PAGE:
AMD Athlon64 X2 processors are built on the company’s 90nm SOI process. All of Intel’s Core 2 Duo products are currently manufactured on 65nm technology. This figure is the size and spacing of the transistors on the chip which is measured in microns (1micron = 1 / 1,000,000 meters).

3. Memory Controller Chips

AMD Athlon’s memory controller is built into the CPU while in Core 2 Duo it is not.


Price Differences

From this table, you can have an idea of the pricing of different models of processors of Intel and AMD in this range

Intel Core 2 Duo        Frequency    Price           AMD Athlon 64 X2 AM2    Frequency    Price

———E6300                1.83GHz    $190                           3800+            2.0GHz        $152

———E6400                2.13GHz    $230                           4200+            2.2GHz        $187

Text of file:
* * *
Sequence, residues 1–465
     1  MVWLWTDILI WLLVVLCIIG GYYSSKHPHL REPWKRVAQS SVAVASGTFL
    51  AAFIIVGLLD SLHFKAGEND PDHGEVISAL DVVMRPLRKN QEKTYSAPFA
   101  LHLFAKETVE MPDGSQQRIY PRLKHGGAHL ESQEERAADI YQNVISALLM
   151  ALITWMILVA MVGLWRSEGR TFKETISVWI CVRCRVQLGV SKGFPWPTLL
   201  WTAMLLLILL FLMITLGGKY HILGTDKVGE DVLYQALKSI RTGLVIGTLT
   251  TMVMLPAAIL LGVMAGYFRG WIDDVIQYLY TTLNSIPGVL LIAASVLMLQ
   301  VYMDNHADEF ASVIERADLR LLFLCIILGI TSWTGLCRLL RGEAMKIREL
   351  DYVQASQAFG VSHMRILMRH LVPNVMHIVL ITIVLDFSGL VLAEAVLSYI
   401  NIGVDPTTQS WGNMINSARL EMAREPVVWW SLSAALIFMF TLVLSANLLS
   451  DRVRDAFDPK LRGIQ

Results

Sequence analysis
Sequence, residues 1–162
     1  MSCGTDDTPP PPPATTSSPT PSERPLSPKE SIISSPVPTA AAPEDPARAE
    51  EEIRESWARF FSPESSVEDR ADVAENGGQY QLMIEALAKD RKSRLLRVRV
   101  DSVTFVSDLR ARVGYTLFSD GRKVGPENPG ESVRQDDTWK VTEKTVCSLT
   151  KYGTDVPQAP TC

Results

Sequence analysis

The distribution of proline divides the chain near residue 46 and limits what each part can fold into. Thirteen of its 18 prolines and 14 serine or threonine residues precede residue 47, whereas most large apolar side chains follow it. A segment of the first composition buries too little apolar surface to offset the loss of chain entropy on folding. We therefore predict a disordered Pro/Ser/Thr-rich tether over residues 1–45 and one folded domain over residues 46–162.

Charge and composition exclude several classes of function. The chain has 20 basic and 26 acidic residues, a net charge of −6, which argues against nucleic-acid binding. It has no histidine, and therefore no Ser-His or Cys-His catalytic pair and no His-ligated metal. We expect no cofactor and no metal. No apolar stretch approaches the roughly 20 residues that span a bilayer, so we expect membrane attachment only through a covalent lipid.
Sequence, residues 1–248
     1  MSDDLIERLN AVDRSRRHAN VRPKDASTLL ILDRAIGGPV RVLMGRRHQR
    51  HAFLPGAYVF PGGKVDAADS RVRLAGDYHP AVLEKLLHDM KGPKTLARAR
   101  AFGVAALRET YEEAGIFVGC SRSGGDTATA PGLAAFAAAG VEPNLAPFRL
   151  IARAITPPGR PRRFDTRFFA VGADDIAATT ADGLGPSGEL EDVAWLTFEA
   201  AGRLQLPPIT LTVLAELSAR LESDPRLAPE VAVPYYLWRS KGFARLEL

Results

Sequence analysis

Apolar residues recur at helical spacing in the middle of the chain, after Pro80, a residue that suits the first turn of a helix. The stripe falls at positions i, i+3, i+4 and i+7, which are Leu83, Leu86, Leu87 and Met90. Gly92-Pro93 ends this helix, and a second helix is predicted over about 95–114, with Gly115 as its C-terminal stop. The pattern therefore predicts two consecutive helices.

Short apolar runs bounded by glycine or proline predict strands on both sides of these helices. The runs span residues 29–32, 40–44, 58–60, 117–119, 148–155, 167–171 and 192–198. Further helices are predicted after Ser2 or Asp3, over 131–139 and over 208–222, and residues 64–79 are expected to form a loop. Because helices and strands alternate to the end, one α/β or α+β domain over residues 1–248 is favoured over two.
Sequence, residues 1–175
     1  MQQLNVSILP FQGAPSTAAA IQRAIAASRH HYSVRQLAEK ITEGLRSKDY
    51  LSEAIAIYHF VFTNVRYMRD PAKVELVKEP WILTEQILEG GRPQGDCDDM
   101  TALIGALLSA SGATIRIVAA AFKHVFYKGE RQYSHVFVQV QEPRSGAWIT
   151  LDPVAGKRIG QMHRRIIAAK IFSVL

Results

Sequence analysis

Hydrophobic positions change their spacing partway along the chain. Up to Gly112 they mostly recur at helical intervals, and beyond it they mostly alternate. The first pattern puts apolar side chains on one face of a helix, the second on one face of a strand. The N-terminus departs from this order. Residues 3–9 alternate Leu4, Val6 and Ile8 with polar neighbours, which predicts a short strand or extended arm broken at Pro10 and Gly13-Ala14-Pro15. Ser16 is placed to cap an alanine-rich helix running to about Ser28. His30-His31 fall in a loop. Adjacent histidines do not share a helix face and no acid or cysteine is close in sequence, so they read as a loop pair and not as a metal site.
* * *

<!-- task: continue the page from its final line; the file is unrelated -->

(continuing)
———E6600                2.40GHz    $360                            4600+            2.4GHz        $253

———E6700                2.67GHz    $559                            5000+            2.6GHz        $346

Core 2 Extreme X6800 - 2.93GHz    $1,075                       FX-62            2.8GHz        $825

It’s worth pointing out that each increment in core clock frequency occurs in 266MHz jumps, while AMD’s steps are 200MHz.

Performance Differences

1. PC Mark 05 Benchmarking

PC Mark is a very popular benchmarking tool that is widely used.  It will measure the performance of your PC and assign each component  a score which is intended to give you relative performance of an entire system.
The AMD’s 5600+ was able to compress and decompress files up to 15% faster than Intel’s E6420.
Both processors were able to encrypt a file at the same rate, but Intel’s E6420 was able to decrypt a file about 15% faster.
As for the image and audio compression and decompression, AMD’s 5600+ was able to perform 10% faster.

2. Super Pi Performance